Charles Rennie Mackintosh

About Charles Rennie Mackintosh

Charles Rennie MackintoshCharles Rennie Mackintosh (b. Glasgow 1868- d. London 1928) left school at 14 and began to train as an architect. In 1889 he joined the firm of Honeyman and Keppie, continuing to attend evening classes at the Glasgow School of Art. This was important not only for his artistic development, but also personally, for it was there that he met his future wife, Margaret Macdonald (1864-1933). She and her sister Frances were talented artists, and with Mackintosh and his friend Herbert McNair they became known as ‘The Four’. The young artists contributed significantly to the distinctive style of decorative art then developing in Glasgow.

Mackintosh went on to have a brilliant but brief career as an architect, most of his commissions being completed in and around Glasgow between 1896 and 1911. His major works include Glasgow School of Art, The Hill House, and the remarkable tea room interiors for Catherine Cranston. In the early 1900s, Margaret Macdonald worked with her husband on the decorative detailing of his interiors.

Mackintosh left Honeyman and Keppie in 1914 and moved to England, firstly to Walberswick, Suffolk, and then to Chelsea. During this time he focussed on watercolour painting, and took up textile design. In 1923 the Mackintoshes left Britain for the south of France, where his painting took on a new vigorous form. He returned to London in 1927 and died there the following year, unknown to all but a few. He is now recognised as one of the most important architect- designers of the late 19th/early 20th century.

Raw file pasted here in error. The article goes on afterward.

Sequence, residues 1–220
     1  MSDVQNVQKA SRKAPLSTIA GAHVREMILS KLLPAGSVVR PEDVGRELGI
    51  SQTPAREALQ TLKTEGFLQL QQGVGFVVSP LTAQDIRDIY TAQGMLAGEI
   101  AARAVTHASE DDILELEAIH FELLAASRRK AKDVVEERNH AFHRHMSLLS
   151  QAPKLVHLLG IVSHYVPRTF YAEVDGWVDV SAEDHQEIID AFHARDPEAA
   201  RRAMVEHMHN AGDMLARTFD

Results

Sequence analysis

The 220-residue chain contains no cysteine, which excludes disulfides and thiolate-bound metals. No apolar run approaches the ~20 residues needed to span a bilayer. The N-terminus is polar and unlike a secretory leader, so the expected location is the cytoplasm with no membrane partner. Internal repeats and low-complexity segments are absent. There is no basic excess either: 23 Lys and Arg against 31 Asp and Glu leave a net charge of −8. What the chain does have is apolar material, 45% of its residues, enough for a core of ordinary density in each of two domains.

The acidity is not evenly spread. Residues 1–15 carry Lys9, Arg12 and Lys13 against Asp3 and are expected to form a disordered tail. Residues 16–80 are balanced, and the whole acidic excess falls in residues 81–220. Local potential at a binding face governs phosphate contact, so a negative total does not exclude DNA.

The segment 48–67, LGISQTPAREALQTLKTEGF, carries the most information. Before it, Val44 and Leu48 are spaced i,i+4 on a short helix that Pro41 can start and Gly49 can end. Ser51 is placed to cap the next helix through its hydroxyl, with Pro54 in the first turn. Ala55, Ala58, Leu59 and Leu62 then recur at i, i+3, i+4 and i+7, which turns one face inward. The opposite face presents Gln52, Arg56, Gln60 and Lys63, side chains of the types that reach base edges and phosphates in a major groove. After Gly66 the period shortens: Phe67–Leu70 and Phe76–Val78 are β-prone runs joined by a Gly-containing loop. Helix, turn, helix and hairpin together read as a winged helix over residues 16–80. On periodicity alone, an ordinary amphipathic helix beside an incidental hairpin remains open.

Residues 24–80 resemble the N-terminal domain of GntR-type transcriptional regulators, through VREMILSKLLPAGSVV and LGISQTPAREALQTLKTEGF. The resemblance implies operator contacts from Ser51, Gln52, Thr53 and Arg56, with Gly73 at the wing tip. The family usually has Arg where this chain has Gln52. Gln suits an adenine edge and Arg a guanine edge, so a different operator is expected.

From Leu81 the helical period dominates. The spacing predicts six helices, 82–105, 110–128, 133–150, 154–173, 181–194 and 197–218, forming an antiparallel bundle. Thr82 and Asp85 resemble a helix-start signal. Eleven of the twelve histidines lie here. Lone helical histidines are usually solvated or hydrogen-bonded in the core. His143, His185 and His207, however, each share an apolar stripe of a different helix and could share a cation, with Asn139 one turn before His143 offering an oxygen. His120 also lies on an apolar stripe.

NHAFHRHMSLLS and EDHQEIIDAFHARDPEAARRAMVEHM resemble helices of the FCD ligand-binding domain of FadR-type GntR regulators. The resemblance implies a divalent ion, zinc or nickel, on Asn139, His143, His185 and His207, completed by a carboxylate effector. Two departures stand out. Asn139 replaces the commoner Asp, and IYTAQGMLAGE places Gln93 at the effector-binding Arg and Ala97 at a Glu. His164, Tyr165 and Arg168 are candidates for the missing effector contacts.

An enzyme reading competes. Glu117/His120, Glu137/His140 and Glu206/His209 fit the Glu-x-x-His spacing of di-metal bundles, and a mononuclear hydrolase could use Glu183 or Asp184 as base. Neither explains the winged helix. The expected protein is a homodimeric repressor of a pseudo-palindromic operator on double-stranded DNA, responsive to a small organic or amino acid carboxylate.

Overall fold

An unknown friend, possibly Francis Newbery, Headmaster of the Glasgow School of Art, recommended Mackintosh to W. J. Bassett-Lowke in 1916, as the right man to renovate the early 19th-century terraced house which Bassett-Lowke had bought as his first marital home. As far as is known, Mackintosh never visited Northampton during the remodeling and decoration of 78 Derngate. All discussion was conducted by correspondence and in person, when Bassett-Lowke was in London on business. However, it is believed that he visited a couple of times later, probably in connection with the redecoration of the lounge-hall c. 1921/22.

Pamela Robertson, Professor of Mackintosh Studies at the Hunterian Art Gallery, University of Glasgow, says: “78 Derngate is of major importance in Mackintosh’s career. In terms of creative content, it is his most significant piece of design work after leaving Glasgow. The interiors strikingly and successfully combine visual impact with, for its day, high-tech infrastructure and the efficient and hygienic use of space. In its practicality and efficiency, the guiding hand of Mackintosh’s most demanding, knowledgeable and progressive patron, W J Bassett-Lowke, is clear.”

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